Megan Mullally on being and not being Karen -- The new talk show host is still hanging on to her ''Will & Grace'' character

By Adam B. Vary
September 01, 2006 at 04:00 AM EDT

”Oh, fascinating,” sighs Megan Mullally as she settles into an interview at the Hollywood office of her new daytime talk program, The Megan Mullally Show. ”Actors talking about themselves. Nothing better!” That’s exactly the kind of cheeky sarcasm you might expect to hear from Mullally if you watched her for eight seasons as the outrageous and often-soused Karen Walker on Will & Grace. But as it turns out, that opening zinger is the closest Karen comes to peering out of Mullally’s no-nonsense black-rimmed glasses. Her real voice is a cool and calming alto, her manner surprisingly low-key, her office styled in West Elm Zen. Mullally, it soon becomes clear, is nothing like Karen whatsoever.

Which makes her job embodying the character all the more impressive. The role just won Mullally, 47, her second Emmy, as well as three consecutive SAG awards and the quip-quoting adulation of countless gay men (”I’m too tired to slap you — bash your face against my palm”), and when Will & Grace ended its run last May, Mullally realized that Karen would be tough to top. In fact, she decided not to even try. ”Playing Karen was so satisfying that it almost cured my acting bug completely,” she says. ”Not that I had conquered the world of acting. It was just that I had something to prove to myself when I started Will & Grace. Now I feel like, okay, well, I’ve satisfied that.”

Hence The Megan Mullally Show, premiering in syndication Sept. 18. Mullally promises an unusually eclectic lineup that will bounce from comedy sketches to musical performances to celeb interviews to on-location interactions with real people. Sounds like a tricky mix, especially for a first-time TV host (RIP The Roseanne Show, Queen Latifah Show, Tempestt), but she claims she’s not worried. ”I don’t get nervous anymore,” she says evenly. Mullally does genuinely come across as self-confident and unflappable, qualities she’s honed over a career built on sitcom guest-star roles and failed TV pilots that at times left her near-broke. ”She doesn’t apologize for anything,” says Will & Grace costar Debra Messing. ”She doesn’t need anyone telling her, ‘Oh yeah, that’s a good idea.’ She makes everything look effortless, and that’s the thing that is thrilling and infuriating about Megan.”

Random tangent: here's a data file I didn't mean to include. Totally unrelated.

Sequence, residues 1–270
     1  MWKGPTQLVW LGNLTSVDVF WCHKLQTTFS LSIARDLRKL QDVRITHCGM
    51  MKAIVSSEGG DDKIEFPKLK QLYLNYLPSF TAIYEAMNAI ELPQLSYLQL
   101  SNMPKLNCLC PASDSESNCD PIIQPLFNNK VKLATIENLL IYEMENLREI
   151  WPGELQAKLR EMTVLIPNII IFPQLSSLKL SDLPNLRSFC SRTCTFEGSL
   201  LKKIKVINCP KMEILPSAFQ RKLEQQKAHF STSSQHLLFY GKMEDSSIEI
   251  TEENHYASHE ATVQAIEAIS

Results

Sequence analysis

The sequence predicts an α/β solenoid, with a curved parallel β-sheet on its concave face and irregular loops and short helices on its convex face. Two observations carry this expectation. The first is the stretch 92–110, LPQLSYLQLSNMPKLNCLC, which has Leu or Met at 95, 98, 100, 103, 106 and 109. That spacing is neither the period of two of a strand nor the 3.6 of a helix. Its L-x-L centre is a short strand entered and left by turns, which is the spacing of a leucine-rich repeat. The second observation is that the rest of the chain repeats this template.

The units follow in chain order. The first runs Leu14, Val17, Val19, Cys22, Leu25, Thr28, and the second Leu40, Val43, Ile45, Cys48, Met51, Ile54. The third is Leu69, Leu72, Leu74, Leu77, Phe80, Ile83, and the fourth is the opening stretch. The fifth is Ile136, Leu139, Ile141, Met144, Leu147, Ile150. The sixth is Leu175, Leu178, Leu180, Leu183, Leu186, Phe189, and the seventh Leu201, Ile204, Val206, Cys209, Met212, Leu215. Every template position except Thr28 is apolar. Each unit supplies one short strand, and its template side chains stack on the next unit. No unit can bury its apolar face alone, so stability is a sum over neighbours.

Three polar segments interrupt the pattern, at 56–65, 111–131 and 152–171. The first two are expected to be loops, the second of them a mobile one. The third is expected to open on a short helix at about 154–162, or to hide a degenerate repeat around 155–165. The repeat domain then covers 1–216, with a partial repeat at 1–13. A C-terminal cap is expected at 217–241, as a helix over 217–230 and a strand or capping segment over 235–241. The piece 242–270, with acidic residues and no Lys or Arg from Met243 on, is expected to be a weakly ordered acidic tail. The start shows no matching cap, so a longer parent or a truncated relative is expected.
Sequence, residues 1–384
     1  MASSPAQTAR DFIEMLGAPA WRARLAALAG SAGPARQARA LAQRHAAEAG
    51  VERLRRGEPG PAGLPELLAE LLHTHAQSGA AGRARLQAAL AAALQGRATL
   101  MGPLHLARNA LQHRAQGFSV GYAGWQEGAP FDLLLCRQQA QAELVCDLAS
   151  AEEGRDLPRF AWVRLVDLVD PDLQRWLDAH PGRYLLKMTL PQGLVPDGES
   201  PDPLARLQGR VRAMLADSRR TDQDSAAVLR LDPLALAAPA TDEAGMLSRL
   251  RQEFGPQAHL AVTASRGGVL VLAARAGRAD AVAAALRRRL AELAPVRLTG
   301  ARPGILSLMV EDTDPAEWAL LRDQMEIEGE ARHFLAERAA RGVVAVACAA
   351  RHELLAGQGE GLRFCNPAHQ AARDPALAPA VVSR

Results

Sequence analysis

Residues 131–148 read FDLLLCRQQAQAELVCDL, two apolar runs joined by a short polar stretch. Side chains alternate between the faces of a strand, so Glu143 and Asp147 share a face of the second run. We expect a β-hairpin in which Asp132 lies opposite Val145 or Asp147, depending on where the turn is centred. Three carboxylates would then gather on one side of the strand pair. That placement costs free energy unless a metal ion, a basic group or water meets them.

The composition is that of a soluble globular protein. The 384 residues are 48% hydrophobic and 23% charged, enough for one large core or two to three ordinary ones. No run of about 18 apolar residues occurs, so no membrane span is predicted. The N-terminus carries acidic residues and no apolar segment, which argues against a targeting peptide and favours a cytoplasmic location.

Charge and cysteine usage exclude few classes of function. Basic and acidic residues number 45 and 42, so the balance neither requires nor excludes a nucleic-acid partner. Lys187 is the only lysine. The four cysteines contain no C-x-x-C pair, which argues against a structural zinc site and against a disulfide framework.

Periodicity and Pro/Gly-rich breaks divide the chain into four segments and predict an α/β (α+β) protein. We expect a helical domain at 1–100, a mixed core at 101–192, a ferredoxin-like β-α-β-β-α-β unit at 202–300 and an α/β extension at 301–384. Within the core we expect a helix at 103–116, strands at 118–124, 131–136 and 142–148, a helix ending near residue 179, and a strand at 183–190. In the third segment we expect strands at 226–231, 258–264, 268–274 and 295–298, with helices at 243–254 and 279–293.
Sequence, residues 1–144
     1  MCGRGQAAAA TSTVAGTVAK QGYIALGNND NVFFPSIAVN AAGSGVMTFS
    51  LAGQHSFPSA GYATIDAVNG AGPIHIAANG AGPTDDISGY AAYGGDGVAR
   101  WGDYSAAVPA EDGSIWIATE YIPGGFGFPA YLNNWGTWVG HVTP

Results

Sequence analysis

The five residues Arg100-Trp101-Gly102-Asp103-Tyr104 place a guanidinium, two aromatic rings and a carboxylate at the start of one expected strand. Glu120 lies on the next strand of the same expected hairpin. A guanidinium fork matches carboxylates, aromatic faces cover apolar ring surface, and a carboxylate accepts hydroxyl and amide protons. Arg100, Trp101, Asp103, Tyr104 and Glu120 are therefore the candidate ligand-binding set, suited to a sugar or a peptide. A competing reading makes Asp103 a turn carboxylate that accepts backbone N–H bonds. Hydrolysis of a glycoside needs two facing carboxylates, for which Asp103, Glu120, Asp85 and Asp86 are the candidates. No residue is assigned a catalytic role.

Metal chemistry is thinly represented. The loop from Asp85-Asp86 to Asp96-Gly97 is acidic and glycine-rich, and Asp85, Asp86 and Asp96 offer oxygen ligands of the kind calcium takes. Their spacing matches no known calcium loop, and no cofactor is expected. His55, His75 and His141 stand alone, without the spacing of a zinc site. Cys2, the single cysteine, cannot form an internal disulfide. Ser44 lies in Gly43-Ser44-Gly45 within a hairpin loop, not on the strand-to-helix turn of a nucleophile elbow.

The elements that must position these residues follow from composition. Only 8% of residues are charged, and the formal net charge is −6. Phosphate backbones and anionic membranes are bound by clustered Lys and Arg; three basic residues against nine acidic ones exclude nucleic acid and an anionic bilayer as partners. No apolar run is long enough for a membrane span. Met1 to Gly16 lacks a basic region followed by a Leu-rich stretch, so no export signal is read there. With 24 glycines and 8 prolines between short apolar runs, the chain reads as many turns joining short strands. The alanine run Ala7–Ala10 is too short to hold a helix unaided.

Like the time in 2003 when Mullally filled in for David Letterman, who was out with shingles. ”The whole day, knowing that she was going to have to go on, I was so nervous for her,” remembers Messing. ”But, you know, she took a nap before she went on!” Though she’s reluctant to discuss it — ”David Letterman is probably like, ‘God, shut up already!”’ — that evening’s show was the first time Mullally realized TV talk could be in her future. ”[The job had] seemed really far-flung,” she says. ”Like being an astronaut, or somebody who tunnels underground. And it’s so weird [I felt that way], because I loved talk shows so much. I studied them.”

Mullally, an only child, fondly recalls staying up with her mother in their Oklahoma City home to watch Dinah Shore and Johnny Carson, soaking up small details like how you could tell if Carson liked a performance by the tilt of his head. But at 8, she told her parents she wanted to be an actress, not a talk-show host, and by age 12 she was getting backstage acting pointers from her father, a former contract actor for Paramount Pictures. Her early career profited from a series of fortuitous breaks: She moved to Chicago in 1978, just as its theater scene began to flourish; she signed with mega-agency William Morris two weeks after arriving in Los Angeles in the early ’80s; and she booked The Ellen Burstyn Show, her debut sitcom (she played Burstyn’s divorced daughter), off her very first major TV audition. Though the show was short-lived, the gig provided a chance to learn comedic acting from one of its masters, costar Elaine Stritch. ”Elaine’s kind of the last great vaudevillian,” says Mullally. ”She has her own rim shot!”

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